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I need to put together a small brief about the weaknesses behind limiting content to specific countries based on IP address.

Besides using proxy server located in another country, can you think of another way to circumvent such a system?

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7 Answers 7

up vote 6 down vote accepted

Basically, any solution that uses an intermediary is a proxy. Period.

All the "surf anonymously" sites are proxies, even if they use their own software.

You can use SSH and tunneling, but that is, in effect, a proxy as well, just a tunneled one. Same with VPN.

The only thing that doesn't require a proxy is source address spoofing, and that only works with one-way attacks, because no return data will be able to get to you.

Also, consider that Geo-Locating is not 100% accurate. I have IP addresses in Canada that show up as US addresses, and I've had US addresses that show up as Canada. I'm sure this is more common in other parts of the world.

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You could buy that software that prevents you from broadcasting your IP address. I'm sure it works, I see it advertised in banner ads all over the place :)

On a more serious note, one way of bypassing this would be by using a caching server (google cache, wayback machine).

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I don't think you can. The machine you're talking to has to know where to send it's reply to; that's your IP address. The only way to hide that is to have it reply to someone that's not you who passes it on to you - ie. a proxy.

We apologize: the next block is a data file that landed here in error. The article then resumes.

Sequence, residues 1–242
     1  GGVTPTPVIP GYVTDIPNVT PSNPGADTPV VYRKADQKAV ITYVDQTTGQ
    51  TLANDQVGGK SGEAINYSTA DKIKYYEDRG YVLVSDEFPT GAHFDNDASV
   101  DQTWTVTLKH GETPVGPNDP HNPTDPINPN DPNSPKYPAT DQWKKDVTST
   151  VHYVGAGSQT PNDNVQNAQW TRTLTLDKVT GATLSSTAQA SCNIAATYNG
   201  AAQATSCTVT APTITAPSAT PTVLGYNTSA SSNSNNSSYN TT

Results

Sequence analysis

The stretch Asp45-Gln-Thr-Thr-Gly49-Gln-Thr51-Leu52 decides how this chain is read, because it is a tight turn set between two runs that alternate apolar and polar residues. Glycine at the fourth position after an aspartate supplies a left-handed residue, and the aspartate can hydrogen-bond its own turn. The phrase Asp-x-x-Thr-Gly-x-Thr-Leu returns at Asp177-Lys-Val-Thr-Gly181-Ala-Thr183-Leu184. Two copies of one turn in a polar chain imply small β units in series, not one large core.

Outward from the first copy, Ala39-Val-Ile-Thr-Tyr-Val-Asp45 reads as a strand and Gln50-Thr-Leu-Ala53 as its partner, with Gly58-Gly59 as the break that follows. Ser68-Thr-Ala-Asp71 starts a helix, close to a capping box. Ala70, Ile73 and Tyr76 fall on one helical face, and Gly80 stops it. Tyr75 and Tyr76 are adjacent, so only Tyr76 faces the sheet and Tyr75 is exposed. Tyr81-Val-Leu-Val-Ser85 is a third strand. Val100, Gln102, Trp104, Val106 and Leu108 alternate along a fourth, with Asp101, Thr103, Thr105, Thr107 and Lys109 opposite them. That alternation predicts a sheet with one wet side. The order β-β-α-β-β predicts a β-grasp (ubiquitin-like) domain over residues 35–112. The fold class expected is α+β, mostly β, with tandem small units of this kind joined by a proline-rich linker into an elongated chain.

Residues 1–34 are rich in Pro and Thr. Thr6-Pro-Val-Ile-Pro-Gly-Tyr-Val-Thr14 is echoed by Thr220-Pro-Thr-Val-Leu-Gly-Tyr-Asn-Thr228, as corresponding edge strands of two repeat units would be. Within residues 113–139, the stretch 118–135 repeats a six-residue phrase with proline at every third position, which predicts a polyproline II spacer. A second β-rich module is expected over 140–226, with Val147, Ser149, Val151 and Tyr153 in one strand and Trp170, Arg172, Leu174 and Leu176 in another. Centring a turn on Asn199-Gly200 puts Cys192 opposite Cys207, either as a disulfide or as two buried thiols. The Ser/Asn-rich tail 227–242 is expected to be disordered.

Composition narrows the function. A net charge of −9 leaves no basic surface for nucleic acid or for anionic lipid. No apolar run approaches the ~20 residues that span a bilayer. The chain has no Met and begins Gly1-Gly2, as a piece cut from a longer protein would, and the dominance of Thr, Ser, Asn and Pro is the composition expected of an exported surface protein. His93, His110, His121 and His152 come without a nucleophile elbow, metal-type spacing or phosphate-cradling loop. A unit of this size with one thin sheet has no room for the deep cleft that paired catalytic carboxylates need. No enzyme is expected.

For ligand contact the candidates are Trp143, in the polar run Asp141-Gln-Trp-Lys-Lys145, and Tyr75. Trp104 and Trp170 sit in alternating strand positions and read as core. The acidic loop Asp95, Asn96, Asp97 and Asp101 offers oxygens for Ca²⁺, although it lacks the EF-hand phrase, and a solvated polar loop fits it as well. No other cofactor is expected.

Tor is a good way of achieving anonymity in general, although it's not appropriate for circumventing the type of system you're talking about.

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Since your IP address is in each IP packet that goes over the network, and it is required for you to get the response back, you cannot prevent your real IP address from being detected at the server (other than by putting a proxy in between).

Some links that may be of interest to you:

Conflict between Sweden and Norway about surveillance (Sweden cannot reliably identify Norway IP traffic and exclude it from surveillance)

Herdict.com (which we built, I am happy to report)

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It depends on what level of the IP stack you are checking the IP, but on higher levels, you wouldn't need to even have a proxy server to have a different IP address show up. For example, modifying the TCP header would do it if that is what you are checking against.

Here's a link discussing spoofing: http://www.securityfocus.com/infocus/1674

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This is a good observation. Where do server variables get this value from? –  BC. Feb 26 '09 at 21:43
    
In most cases, I believe the HTTP header. I've always been told you have to lock IPs down at the router level to make sure that they can't be spoofed (using proxy servers not included as that makes the spoofed IP legitimate). –  Kevin Feb 26 '09 at 21:45
    
I sniffed some IE to IIS requests and didn't see an IP header. I believe the server to be using the network ip. –  BC. Feb 26 '09 at 21:52
    
You're right. I was wrong. Here it explains how to spoof the IP address: en.wikipedia.org/wiki/IP_address_spoofing –  Kevin Feb 27 '09 at 0:43

If the service is using a web based Geo IP lookup, then a successful MITM attack could trick the service into thinking that the IP address is valid. Of course this is much more involved, but definitely doable.

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Don't forget VPNs (and, admittedly, NAT). I guess that could be classed as a proxy, too. It also requires having access to a suitable machine in another country.

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